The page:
We’re sad to report that Oslo, the Pau-winning French-bred ride of William Fox-Pitt, has died at the age of 20 after a busy, happy retirement, leaving behind a multifaceted legacy in the sport of eventing.
The Selle Français gelding (Lando x Aurelie du Prieure, by Hadj A X) was bred at Ferme de Biats France, which has made headlines at Pau again last week for the success of Emily King’s mount Valmy Biats, who was also bred by Ferme de Biats’s Philippe Brivois. Though Brivois has bred a number of top-level eventing horses, including Kitty King’s excellent Vendredi Biats and Tom Crisp’s Vendome Biats, it was Oslo who would be his first foray into breeding for this discipline, and the lynchpin of a sea change that has had a huge impact on the sport.
“When I sold Oslo Biats when he was two years old and they told me it was to do eventing, I immediately replied that it was out of the question because I didn’t want hurt my horse,” says Brivois in an interview with French magazine l’Eperon. “I bred show horses and only used champion stallions in this discipline. It was Jean-Luc Dufour who convinced me to take a full interest by explaining to me that eventing is no longer what it was. In the end, I did well to embark on this adventure.”
Oslo was best known for winning the CCI5* at Les Etoiles de Pau in 2011 as a nine-year-old, on his debut at the level, but his sixteen-run international record featured a number of highlights, with five total FEI victories and a further four top-three finishes to his name. He became the Six-Year-Old World Champion at Le Lion d’Angers in 2008 and followed that victory up with a silver at the Seven-Year-Old World Championships the following year, and in 2011, he won both the CCI4*-L at Tattersalls and the Blenheim Eight- and Nine-Year-Old CCI4*-S before tackling that fateful Pau.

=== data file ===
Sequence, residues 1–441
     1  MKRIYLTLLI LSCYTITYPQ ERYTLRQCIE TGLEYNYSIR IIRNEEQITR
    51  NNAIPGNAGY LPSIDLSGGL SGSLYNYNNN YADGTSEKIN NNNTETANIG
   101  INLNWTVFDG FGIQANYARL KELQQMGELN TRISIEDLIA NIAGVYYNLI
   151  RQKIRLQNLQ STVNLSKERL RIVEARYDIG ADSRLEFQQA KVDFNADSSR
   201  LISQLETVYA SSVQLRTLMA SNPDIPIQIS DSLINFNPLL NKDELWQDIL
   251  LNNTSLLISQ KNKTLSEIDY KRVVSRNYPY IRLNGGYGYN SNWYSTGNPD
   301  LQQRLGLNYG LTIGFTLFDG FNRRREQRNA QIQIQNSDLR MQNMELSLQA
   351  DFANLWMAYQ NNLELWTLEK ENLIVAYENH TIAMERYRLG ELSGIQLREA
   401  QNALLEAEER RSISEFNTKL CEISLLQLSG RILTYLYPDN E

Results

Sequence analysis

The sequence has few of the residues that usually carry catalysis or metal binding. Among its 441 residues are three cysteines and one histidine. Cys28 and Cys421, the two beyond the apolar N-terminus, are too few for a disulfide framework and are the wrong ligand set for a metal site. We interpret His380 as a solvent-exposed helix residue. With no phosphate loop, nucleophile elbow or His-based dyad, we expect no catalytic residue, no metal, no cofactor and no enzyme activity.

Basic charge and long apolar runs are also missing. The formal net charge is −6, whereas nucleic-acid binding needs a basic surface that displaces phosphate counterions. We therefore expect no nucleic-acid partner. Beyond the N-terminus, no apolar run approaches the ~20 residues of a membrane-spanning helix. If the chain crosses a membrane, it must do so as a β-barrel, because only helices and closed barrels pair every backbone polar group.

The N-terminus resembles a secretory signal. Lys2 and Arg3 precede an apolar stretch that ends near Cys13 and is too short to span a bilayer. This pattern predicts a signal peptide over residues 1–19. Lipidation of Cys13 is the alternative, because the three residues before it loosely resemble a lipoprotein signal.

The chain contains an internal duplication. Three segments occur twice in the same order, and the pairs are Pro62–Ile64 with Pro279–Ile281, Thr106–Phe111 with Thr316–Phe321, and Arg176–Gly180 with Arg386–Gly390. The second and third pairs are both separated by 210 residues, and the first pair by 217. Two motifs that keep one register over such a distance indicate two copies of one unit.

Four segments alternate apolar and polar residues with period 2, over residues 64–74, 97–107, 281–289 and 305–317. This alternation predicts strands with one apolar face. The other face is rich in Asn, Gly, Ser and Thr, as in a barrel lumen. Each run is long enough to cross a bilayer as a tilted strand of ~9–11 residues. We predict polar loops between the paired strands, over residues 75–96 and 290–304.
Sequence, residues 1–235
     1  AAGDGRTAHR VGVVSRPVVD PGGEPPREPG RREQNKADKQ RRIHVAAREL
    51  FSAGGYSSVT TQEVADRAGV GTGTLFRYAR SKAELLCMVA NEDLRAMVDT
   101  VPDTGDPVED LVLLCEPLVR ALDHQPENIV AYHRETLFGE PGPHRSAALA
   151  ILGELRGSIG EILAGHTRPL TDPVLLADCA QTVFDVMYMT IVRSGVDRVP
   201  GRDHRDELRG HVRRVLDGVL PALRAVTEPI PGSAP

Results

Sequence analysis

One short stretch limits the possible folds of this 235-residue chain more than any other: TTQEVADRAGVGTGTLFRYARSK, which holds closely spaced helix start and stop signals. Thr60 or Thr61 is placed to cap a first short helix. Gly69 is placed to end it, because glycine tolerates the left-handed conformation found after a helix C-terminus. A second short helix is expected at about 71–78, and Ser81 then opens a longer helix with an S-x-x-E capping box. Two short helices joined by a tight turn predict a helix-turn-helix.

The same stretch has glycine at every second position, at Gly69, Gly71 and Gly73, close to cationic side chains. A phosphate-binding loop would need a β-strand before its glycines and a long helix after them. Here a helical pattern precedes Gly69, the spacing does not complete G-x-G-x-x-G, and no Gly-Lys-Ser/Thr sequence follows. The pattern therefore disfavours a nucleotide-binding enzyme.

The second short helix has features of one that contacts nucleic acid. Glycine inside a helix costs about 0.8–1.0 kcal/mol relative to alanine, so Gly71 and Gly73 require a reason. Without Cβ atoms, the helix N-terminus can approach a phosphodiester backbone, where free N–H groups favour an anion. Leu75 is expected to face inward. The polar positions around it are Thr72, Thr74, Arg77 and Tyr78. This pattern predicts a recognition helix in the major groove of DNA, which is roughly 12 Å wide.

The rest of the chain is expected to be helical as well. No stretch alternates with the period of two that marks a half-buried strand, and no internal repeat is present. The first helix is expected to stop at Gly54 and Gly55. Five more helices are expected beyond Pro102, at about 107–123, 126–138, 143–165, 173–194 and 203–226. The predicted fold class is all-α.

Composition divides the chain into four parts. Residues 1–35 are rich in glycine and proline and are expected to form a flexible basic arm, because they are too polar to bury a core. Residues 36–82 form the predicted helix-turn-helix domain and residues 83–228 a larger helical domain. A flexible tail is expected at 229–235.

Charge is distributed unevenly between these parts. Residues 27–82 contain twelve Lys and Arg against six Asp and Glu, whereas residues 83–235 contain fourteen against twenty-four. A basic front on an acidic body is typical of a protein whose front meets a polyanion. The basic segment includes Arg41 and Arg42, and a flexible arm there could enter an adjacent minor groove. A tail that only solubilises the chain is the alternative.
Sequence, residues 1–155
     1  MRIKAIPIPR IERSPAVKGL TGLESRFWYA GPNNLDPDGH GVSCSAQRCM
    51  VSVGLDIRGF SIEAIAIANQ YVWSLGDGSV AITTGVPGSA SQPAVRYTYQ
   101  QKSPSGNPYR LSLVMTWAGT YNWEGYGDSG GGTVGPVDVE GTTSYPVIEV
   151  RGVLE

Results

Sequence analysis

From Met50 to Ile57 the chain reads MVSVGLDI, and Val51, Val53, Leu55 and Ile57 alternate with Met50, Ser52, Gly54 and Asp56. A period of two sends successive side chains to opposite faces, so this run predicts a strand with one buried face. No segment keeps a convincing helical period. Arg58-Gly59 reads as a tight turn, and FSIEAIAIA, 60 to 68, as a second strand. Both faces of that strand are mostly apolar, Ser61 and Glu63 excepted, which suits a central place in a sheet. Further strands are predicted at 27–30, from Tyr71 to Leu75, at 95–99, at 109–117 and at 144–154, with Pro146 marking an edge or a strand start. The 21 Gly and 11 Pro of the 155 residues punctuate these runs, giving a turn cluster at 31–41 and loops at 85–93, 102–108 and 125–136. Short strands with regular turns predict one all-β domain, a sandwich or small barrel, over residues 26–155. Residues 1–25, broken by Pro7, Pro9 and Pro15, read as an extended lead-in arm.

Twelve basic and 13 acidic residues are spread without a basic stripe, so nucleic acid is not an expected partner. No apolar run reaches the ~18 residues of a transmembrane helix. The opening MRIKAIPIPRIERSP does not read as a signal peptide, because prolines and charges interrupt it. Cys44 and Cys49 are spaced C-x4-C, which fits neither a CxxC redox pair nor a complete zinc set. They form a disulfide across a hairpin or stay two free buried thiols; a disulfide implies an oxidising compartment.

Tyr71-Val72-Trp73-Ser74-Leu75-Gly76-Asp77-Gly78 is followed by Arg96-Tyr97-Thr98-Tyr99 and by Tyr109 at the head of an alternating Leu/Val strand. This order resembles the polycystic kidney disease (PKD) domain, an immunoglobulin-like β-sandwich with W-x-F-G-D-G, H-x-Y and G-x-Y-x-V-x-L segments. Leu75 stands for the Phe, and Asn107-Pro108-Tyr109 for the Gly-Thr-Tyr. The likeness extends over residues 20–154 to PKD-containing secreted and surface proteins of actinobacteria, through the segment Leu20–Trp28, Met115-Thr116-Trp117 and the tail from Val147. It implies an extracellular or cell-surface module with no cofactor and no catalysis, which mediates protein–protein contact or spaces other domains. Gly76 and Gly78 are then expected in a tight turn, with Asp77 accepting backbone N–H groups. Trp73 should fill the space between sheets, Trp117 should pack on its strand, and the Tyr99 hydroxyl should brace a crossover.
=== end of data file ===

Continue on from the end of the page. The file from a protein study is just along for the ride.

He was officially retired from competition in mid-2017 at the age of fifteen, after a spate of niggling injuries and setbacks, which included a foreleg suspensory injury that had knocked him out of contention for the 2012 London Olympics and some hock issues, which had crept in in the year of his retirement. After an initial period of downtime, in which he enjoyed time out in the field with two of his stablemates, he re-entered light work, first as a happy hacker, and then was given to William’s goddaughter, Daisy Dollar, who gained experience at BE100 (US Training) and stepped up to Novice (Preliminary) with the gelding in 2018, enjoying a competitive season of Novice classes in 2019 before Oslo’s official retirement. Since then, he’s enjoyed a relaxed life with Spencer Sturmey, partner Freddie Ellams, and Lucinda de Mauley, and was finally laid to rest in mid-October.
Oslo’s impact on the industry stretched further than his own excellent competitive record: he was also one of the first horses to be piloted under a successful syndicate, bringing the concept in from the world of racing, in which William’s wife Alice has such a wealth of experience. Though he was cut at five, he also has a significant breeding legacy: one of the sixty straws of semen taken at West Kington Stud was used to produce William’s current five-star mount, Oratorio II.
All of us at EN send our sympathies and condolences to William, Alice, Philippe, and all those connected with the horse through his extensive syndicated family.